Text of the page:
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EXCLUSIVE Facebook to change rules on attacking public figures on its platforms

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Oct 13 (Reuters) – Facebook (FB.O) will now depend activists and journalists as “involuntary” public figures and so enhance protections towards harassment and bullying focused at these teams, its world security chief mentioned in an interview this week.

The social media firm, which permits extra important commentary of public figures than of personal people, says it’s altering its method on the harassment of journalists and “human rights defenders”, who it says are within the public eye due to their work quite than their public personas.

Facebook is beneath wide-ranging scrutiny from world lawmakers and regulators over its content material moderation practices and harms linked to its platforms, with inner paperwork leaked by a whistleblower forming the idea for a U.S. Senate listening to final week.

How Facebook, which has about 2.8 billion month-to-month energetic customers, treats public figures and content material posted by or about these figures has been an space of intense debate. In latest weeks, the corporate’s “cross check” system, which the Wall Street Journal reported has the impact of exempting some high-profile customers from traditional Facebook rules, has been within the highlight.

Facebook additionally differentiates between public figures and personal people within the protections it affords round on-line dialogue: as an illustration, customers are usually allowed to name for the dying of a celeb in discussions on the platform.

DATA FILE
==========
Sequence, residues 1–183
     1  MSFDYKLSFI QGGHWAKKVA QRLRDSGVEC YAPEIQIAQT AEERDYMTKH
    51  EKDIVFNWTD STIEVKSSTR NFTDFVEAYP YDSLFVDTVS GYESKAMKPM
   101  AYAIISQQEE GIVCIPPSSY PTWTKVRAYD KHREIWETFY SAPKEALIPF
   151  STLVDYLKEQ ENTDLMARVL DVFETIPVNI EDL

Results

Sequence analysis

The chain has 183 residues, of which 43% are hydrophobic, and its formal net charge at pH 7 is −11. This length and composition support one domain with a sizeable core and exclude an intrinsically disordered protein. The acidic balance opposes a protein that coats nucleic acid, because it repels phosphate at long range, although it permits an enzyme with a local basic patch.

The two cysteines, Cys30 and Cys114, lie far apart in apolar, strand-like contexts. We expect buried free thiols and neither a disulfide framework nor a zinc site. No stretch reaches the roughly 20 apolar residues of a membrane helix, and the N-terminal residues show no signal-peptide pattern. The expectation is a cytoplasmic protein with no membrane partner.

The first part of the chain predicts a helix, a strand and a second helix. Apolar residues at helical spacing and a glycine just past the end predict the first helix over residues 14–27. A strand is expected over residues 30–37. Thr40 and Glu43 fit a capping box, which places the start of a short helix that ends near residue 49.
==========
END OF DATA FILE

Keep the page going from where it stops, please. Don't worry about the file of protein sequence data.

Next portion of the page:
The firm declined to share an inventory of different involuntary public figures however mentioned they’re assessed on a case-by-case foundation. Earlier this 12 months, Facebook mentioned it might take away content material celebrating, praising or mocking George Floyd’s dying, as a result of he was deemed an involuntary public determine.

Facebook’s Global Head of Safety Antigone Davis mentioned the corporate was additionally increasing the varieties of assaults that it might not enable on public figures on its websites, as a part of an effort to cut back assaults disproportionately confronted by ladies, individuals of shade and the LGBTQ group.

Facebook will now not enable extreme and undesirable sexualizing content material, derogatory sexualized photoshopped pictures or drawings or direct detrimental assaults on an individual’s look, for instance, in feedback on a public determine’s profile.

Reporting by Elizabeth Culliford in Birmingham, England; extra reporting by Sheila Dang in Dallas; modifying by Richard Pullin

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A 3D-printed Facebook logo is seen placed on a keyboard in this illustration taken March 25, 2020. REUTERS/Dado Ruvic/Illustration

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